My window on the world is at 8.00 am on Sunday morning when I pick up the week’s parcels from an otherwise empty post office. This week’s favourite was “The Frisian Language and Literature” by Waterman Thomas Hewett (1879). A reproduction of the original book which is (I hope still) in the University of California library at Berkeley. It contains a copy of an evocative stamped page starting on 6 November 1953, lent again in 1958, 1966, 1972, 1985, 2000, 2003 and 2007. It’s a pleasing thought that as I beavered away in primary school with my round glasses trying to learn to multiply decimals, hair firmly held in place by a kirby grip, and then throughout all life’s later escapades that W.T. Hewett’s book has been slowly spreading the word about the Frisians.
I’ve thought from time to time when I’ve crossed the Netherlands and Niedersachsen that I should visit the area where Frisian is spoken, find a good Frisian bookshop and get myself a Frisian dictionary. But the thought has remained idle, despite my crossing unaware one of the two German Frisian-speaking pockets, the Saterland bog area around Cloppenburg as my ICE barrelled down from Bremen to Osnabruck.
North Frisian is also spoken in some coastal areas of northern Schleswig Holstein but the major Frisian speaking area is in the Netherlands, just across the Ijsselmeer and around the city of Leeuwarden. The language is strongest there (and has official and legal status in the Netherlands) but not sufficiently strong to avoid being classified as vulnerable by Unesco.
Frisian has been heavily affected by what are now the larger languages surrounding it – West Frisian by Dutch, Saterland Frisian by Low German and North Frisian by Low German and Danish.
This has contributed to making the various Frisian languages (or dialects, a point of contention for linguists) not readily understandable to one another, which has further weakened their status.
The fascination for an English language nerd (or aficianado) like me is that West Frisian and Early English (Anglo Saxon) were very close, probably greatly easing the work of Anglo-Saxon missionaries in spreading Christianity in the area.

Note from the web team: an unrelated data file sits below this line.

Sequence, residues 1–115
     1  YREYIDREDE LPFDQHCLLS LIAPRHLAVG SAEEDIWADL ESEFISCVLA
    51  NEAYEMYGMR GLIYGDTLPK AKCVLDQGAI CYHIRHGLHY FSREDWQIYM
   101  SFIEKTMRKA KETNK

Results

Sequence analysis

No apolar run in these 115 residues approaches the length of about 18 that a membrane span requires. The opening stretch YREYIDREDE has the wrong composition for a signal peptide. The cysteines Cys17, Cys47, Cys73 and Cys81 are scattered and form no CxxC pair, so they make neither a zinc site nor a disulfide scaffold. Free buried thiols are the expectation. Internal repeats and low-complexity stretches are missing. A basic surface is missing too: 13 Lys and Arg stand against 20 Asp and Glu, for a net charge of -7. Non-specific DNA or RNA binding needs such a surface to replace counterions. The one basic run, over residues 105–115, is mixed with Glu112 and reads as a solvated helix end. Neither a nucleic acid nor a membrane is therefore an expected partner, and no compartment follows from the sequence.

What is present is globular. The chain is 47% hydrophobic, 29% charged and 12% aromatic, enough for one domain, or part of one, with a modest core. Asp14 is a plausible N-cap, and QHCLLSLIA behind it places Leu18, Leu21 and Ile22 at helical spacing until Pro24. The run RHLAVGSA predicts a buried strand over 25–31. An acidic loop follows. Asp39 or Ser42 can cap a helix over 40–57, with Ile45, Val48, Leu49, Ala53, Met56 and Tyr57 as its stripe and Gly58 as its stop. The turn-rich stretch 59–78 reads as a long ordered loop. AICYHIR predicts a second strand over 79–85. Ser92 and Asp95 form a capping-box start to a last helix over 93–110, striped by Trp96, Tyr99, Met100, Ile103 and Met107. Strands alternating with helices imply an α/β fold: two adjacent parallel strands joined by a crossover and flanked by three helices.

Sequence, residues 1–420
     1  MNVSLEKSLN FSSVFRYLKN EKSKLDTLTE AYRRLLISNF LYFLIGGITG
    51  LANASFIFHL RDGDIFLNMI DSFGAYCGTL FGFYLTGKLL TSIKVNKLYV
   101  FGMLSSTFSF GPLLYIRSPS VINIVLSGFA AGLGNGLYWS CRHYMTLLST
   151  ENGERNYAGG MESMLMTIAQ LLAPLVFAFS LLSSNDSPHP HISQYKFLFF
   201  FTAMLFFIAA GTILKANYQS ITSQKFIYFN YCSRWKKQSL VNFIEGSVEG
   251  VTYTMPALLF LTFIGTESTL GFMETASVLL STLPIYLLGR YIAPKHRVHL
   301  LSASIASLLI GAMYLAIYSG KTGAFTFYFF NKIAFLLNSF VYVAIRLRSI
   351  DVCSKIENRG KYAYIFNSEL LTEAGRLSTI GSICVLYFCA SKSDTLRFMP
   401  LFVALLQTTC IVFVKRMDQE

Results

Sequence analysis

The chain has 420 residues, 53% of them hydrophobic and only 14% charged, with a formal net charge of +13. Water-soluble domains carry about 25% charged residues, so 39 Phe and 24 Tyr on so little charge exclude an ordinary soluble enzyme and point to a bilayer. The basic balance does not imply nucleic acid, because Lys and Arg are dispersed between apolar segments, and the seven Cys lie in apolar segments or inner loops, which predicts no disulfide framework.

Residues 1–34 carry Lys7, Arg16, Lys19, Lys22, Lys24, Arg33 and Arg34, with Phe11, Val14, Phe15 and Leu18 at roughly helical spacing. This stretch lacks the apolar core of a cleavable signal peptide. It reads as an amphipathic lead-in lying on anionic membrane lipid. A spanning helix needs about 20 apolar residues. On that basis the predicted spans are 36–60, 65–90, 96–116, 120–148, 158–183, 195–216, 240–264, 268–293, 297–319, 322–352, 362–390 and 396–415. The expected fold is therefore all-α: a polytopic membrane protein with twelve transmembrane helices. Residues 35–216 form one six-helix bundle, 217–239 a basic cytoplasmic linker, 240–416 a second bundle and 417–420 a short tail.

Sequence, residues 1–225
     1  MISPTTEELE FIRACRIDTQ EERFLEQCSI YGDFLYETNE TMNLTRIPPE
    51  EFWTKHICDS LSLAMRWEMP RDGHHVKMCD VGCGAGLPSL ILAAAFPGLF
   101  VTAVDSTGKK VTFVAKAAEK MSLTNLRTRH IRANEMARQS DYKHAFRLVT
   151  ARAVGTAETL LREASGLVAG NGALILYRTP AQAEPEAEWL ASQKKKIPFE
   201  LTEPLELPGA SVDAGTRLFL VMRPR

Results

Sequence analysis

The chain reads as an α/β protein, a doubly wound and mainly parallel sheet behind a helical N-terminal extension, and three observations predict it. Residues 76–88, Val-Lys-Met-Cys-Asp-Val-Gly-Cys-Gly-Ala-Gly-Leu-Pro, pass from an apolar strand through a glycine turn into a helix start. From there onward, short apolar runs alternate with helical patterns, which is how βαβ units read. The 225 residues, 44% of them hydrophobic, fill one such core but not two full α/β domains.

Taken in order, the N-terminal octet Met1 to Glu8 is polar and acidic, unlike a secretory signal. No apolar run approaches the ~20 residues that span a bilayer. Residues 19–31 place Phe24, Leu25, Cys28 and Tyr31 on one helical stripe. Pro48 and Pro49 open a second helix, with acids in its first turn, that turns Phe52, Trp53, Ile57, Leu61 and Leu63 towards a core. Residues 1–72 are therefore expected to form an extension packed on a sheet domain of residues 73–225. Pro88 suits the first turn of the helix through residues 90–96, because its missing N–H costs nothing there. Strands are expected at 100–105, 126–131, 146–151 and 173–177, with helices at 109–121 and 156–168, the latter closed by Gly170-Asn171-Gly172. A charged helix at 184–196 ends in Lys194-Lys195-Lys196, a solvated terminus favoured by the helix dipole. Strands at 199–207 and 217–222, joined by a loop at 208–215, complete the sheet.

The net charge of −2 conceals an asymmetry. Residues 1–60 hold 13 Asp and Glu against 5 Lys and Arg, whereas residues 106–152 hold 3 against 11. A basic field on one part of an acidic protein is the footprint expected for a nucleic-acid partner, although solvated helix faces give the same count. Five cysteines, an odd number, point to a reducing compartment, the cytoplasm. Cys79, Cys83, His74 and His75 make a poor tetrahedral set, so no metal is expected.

The Wikipedia article on the Frisian language has an amusing quote in Frisian “Brea buter en griene tsiis is god ingelsk en goed Frysk”. We can also note here that Frisian like Early and Modern English has not adopted the hard German “k” for the word cheese but both have a softer “ch” (type) sound.
Apart from Frisian, I have been dabbling with another legacy reprint, Walter Raymond’s “Good Souls of Cider Land” (1901). His dates are 1852-1931, not far off from Thomas Hardy’s lifespan (1840-1928). Raymond had connections with the Yeovil area in Somerset (I believe there is a plaque in the library to him but I’ve never seen it). He is the closest that South Somerset has to Thomas Hardy, although not at all so famous (and not such a great novelist but I am prepared to forgive him much in my Nordic exile just to read the names of villages familiar from many a youthful cycle trip). It’s interesting to think about what Hardy does that Raymond lacks. Raymond‘s plots are weaker and he does not, of course, have Hardy’s eye (perhaps an architect´s eye) for landscape and the big picture. Raymond has the dialect and he does write a lot about flowers and plants (I´ve been meaning to re-read Hardy specifically with flowers and plants in view to see how much he does actually mention them – I’m curious about Hardy’s intellectual formation before his famous years and to what extent he was “country person” in detail as well as a precocious young intellectual fascinated by the wider world). Walter Raymond was very prolific and I have a number of his volumes waiting to be read. He’s been out of print for a long time.
Stumbling across this kind of person and doing some of the better Times Literary Crosswords (the ones that still focus on literature and not on verbal flashiness; ideal Kendall’s “doing” here should probably be written “trying to do” as far as Real Existing David Kendall is concerned), one quickly realises that the literary “canon” is just one of the stronger and more widespread ways of viewing the field. It does have to do with literary merit but also on a lot of other factors which attract the publisher to a particular author, sometimes overegging (poor hanged Tess keeps the momentum up for Hardy for not altogether good reasons). A large number of people in the nineteenth and twentieth century aspired to lead literary lives. Some were successful in their lifetimes and then gradually disappeared from the public view. Others briefly hauled themselves over the parapet of public attention, only to disappear.
The Powys brothers have just about held their own and stayed in print (I should distinguish them but I plead laziness). Walter Raymond has fallen on the wrong side but has been revived by one or two brave publishers. I have anyway done my bit by ordering three of his books twice, either through a computer glitch or through temporary nocturnal distraction (or perhaps by divine intervention of the God of Wessex, who has a soft spot for Raymond).